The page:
- The deceased person had a life insurance policy or pension plan that paid out to their estate upon their death.
- The deceased person left a will, which needs to be proved in court to confirm its validity and appoint an executor to administer the estate.
- The deceased person’s estate is bankrupt, and requires handling of debts or other arrears.
- The deceased person’s estate includes foreign property or assets held abroad.
The key thing to note is that probate is not required for small estates, where the assets can be distributed among the beneficiaries without court approval. However, the exact threshold for a small estate may vary depending on the specific circumstances, and a solicitor’s job is to determine whether probate is required by dealing directly with the appropriate banks and financial institutions.
What happens to my loved ones belongings if they did not have a will
Intestacy refers to a situation where a person dies without having made a valid will. In the absence of a will, Irish law determines the distribution of the deceased person’s assets among their heirs, typically prioritizing their closest relatives such as a spouse, children, and parents.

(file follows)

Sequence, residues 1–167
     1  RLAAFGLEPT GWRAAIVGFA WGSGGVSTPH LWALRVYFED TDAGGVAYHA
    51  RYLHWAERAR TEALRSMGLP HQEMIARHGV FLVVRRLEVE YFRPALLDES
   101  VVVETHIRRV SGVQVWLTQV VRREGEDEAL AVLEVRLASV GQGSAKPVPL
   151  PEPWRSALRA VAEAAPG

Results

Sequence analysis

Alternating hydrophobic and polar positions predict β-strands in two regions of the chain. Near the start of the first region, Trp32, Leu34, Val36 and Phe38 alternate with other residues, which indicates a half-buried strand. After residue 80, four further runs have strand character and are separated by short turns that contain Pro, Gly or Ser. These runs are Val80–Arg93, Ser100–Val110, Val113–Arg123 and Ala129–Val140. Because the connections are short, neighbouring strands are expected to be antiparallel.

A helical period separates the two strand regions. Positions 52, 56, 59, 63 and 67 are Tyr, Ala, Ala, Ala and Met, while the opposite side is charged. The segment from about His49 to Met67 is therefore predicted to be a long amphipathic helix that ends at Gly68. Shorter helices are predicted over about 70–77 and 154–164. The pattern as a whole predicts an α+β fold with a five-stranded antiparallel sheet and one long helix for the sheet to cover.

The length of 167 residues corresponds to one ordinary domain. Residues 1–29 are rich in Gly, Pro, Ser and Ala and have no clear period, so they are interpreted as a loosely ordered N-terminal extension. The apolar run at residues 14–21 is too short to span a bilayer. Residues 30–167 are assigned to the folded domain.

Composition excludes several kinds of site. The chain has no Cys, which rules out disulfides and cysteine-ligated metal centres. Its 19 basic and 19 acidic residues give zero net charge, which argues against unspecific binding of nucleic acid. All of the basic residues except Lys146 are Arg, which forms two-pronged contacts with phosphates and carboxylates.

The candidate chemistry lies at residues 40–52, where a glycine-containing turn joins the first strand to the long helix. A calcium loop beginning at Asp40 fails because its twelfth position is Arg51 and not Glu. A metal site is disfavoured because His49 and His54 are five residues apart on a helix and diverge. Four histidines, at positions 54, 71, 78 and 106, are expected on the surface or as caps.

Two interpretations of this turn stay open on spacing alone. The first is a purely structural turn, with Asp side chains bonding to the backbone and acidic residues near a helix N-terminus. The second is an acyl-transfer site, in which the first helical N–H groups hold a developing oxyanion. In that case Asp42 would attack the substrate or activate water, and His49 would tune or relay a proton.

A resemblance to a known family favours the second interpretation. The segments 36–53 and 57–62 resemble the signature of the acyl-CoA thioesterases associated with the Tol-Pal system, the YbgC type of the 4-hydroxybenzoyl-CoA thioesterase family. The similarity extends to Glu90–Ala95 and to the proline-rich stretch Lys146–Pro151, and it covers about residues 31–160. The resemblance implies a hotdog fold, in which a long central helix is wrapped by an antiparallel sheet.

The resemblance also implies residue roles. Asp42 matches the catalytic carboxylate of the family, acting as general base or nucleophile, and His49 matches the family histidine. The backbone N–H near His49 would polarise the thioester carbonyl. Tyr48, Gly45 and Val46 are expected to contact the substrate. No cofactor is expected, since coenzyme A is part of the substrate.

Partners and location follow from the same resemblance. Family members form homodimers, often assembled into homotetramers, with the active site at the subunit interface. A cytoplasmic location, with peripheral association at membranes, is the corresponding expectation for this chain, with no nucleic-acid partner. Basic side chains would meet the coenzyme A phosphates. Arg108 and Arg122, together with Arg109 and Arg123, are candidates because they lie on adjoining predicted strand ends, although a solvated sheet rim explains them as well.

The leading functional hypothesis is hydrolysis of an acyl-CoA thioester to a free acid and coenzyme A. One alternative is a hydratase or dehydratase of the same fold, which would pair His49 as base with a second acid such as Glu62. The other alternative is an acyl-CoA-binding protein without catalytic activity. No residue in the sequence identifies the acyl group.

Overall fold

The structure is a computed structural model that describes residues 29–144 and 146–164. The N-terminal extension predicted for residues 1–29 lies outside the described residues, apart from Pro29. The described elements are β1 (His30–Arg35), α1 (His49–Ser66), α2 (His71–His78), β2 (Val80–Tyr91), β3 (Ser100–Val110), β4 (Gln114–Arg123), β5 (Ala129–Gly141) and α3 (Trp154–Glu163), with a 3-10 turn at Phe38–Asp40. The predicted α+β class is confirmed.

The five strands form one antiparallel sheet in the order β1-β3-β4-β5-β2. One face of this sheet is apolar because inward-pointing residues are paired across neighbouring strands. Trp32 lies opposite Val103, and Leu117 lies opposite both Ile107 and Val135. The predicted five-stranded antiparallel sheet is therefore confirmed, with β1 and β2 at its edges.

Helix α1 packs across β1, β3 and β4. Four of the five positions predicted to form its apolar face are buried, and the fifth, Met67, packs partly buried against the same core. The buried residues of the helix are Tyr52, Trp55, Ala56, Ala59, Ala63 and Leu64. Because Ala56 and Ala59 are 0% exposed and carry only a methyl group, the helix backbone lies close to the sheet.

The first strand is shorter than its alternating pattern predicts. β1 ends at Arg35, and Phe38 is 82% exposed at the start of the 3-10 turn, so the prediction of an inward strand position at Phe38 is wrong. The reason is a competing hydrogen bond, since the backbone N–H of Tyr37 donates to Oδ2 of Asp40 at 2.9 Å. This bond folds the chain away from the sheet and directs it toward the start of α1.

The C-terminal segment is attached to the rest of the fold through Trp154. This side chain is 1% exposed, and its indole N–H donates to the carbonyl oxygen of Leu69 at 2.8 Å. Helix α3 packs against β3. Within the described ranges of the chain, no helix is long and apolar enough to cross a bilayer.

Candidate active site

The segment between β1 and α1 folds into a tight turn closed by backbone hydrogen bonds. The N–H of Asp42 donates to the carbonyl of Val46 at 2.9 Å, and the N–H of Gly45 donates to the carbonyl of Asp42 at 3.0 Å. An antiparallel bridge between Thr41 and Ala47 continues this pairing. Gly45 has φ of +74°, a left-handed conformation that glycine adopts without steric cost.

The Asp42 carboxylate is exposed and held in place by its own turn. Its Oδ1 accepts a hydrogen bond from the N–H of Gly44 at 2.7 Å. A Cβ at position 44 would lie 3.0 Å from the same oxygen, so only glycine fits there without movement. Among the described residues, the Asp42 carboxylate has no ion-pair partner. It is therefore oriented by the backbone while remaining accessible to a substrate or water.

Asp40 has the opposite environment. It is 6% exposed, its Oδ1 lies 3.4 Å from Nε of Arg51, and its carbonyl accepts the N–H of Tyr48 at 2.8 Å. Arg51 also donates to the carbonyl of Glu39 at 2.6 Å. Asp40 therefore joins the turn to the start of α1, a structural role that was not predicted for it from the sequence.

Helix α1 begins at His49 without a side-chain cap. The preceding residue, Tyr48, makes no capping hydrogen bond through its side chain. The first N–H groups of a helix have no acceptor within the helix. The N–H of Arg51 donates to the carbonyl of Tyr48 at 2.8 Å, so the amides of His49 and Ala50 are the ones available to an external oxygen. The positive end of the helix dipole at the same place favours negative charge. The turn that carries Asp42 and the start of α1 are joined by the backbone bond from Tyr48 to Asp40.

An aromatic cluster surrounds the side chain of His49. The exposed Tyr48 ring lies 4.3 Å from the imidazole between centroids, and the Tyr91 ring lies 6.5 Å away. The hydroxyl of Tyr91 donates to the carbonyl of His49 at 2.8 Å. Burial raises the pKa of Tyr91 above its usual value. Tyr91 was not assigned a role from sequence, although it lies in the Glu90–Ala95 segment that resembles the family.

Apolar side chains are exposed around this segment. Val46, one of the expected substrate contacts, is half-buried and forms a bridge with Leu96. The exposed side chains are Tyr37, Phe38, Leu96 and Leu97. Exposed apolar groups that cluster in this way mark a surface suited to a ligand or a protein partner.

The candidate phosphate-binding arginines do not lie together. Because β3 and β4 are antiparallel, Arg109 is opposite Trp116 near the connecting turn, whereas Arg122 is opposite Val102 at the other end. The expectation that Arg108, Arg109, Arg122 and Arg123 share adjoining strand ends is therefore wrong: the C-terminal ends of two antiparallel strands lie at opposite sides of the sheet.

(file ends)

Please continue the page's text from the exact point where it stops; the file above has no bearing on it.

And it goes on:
The distribution of assets in this case will be according to the rules of intestacy as set out in the Succession Act of 1965, and depend on the family situation of the deceased at the time of their death. With no executors available due to the lack of a will, ‘administrators’ are appointed according to prescribed rules.
Here’s a general overview of how the distribution of assets works according to the rules of intestacy:
- Surviving spouse/civil partner: If the deceased had a surviving spouse or civil partner, they are entitled to the entire estate as long as there are no children or other living descendants.